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Snape Everyone Goes Away

weasleyfan in hp_britglish

University and career path - is anyone still here?

Hello? I hope someone still looks at this community now and then. The first page, at least, is full of spam. :( I need some Brit-picking help! I'm a nurse in the U.S. and like to incorporate medical type stuff into my fanfic as much as I'm able.

I'm working on a fanfic in which Severus has always kept one foot in the Muggle world, so to speak. He went to (where?) University - funded by his D.E. ties, the financial incentive and admissions-qualifications help for which was the final promise that seduced him to their side. Snape is, at the time of my story, a fully licensed and capable pharmacist is the word we use in the U.S.

Here in the U.S., the pharmacists have as much or sometimes more schooling than medical doctors, and they're the ones who are employed in research and development of new medications and/or the compounding and dispensing of existing ones. There is a bit of a professional rivalry between Pharmacists and Doctors, here at least, because Pharmacists are supposed to double-check doseages and things, laboratory interactions with folks with kidney failure, on blood thinners, etc., etc., and catch/correct physician errors before they occur. Physicians, being the somewhat narcissistic people they can often be, don't much like being corrected, and so there is some friction there.

What is a pharmacist called in the U.K.? Chemist? Druggist? If Snape works for a pharmacy where people go to buy their medicine, is it the Chemists? Where would be a fairly prestigous/difficult to get into University where he could have obtained this degree? Is it a PhD there? How many years, roughly would he have gone to school to obtain this degree?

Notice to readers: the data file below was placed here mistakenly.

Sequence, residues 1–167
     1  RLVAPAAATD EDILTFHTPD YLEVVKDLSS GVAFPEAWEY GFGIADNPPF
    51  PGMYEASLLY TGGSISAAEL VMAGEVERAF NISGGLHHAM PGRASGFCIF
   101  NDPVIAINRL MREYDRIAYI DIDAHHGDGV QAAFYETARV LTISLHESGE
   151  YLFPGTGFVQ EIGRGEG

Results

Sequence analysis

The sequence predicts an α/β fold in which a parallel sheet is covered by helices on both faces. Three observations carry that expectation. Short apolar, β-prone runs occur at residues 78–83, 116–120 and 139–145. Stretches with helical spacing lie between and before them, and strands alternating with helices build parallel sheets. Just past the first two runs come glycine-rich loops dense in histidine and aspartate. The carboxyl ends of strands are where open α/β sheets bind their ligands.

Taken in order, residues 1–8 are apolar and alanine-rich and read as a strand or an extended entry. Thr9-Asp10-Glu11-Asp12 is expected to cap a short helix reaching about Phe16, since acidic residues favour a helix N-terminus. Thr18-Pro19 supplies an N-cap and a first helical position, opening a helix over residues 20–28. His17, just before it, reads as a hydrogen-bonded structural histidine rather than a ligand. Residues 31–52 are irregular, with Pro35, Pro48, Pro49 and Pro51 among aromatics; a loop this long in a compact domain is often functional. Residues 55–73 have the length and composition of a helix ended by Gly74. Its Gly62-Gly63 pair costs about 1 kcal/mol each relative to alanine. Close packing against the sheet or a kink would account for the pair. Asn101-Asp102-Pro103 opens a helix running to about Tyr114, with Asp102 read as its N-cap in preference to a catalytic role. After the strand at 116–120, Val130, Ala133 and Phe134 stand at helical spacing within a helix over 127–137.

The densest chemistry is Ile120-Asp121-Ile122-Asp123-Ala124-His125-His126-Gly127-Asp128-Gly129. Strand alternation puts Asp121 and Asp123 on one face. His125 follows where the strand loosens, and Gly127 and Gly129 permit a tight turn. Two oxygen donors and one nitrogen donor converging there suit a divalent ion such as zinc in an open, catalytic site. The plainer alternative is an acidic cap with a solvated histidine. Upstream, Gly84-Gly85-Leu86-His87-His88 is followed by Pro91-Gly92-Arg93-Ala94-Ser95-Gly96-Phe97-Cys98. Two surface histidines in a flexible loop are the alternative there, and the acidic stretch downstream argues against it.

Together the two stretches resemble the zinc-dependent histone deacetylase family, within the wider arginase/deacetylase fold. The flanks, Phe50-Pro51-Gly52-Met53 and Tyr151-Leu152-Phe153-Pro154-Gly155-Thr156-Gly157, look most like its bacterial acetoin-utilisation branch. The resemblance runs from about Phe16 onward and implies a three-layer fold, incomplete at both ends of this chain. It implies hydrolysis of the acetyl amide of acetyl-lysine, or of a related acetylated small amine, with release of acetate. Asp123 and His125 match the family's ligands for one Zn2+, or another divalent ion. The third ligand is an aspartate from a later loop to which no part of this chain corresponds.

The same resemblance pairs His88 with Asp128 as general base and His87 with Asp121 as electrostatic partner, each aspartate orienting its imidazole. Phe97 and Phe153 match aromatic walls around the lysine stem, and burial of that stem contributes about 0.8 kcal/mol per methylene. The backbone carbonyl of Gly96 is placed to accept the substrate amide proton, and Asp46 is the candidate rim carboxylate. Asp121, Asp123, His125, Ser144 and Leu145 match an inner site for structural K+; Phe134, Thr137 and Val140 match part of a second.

What are some common, over-the-counter medications that an ordinary British Muggle might keep in the house? Here, we have things like tylenol/acetaminophen (a pain reliever/fever-reducer that is not an anti-inflammatory), ibuprofen/Advil (pain-reliever/fever-reducer that is an anti-inflammatory), various cold remedies like NyQuil, Benadryl (useful for seasonal allergies or intermittent allergies like sniffles/sneezing from exposure to cats if one is allergic), etc.

Any information you have time/interest to provide to me would be most welcome! Thank you!!


Some further detail on the university/qualifications stuff (though my knowledge is limited on the history too, as I started my Pharmacy degree in 2005 (and never finished it)).

You'd need an accredited four-year undergraduate degree, followed by a year's pre-registration training.

This is pretty much it. Pharmacy is a funny degree where you set out to do a Masters right from the start, sliding seamlessly from your 3 year BSc in Pharmaceutical Science into you Master of Pharmacy without any pause or graduation ceremony.

The main thing to know is that it is specifically the Masters year plus the pre-registration year that allows you to practice as a Pharmacist.

Much of the final year is very practically and clinically focused, having used the previous three years to learn the science (and what a lot of science there is!) with a smattering of practical skills.

Pharmacologists develop drugs and do the research side, and would only interact with patients on drug trials. Pharmacist are health professionals

As extra info, as far as I could tell from my own lecturers' career paths and our discussed career options, it is perfectly possible for pharmacists to work in drug research but certainly not possible for a pharmacologist to practice clinically. They would need a top-up qualification of some kind.

I don't know who would have been offering a pharmacy degree in the 1980s, but it's probably a faaaaairly safe bet that the redbrickish universities were: Newcastle, Nottingham, Aston, UCL, and probably Birmingham, Durham and Manchester

Newcastle, Birmingham and Durham did not offer an MPharm degree in 2005 so they seem to be recent additions. In fact, I'd say the list in the link has about doubled since I was looking at courses!

Cardiff, where I studied, has been offering degrees in Pharmacy since at least the 1930s based on the photos around the place.

(I have to say, our head of undergraduate studies had a somewhat Snape-ish manner at times. "Some of you probably thought first year was difficult. Well, second year will be 10 times as difficult.")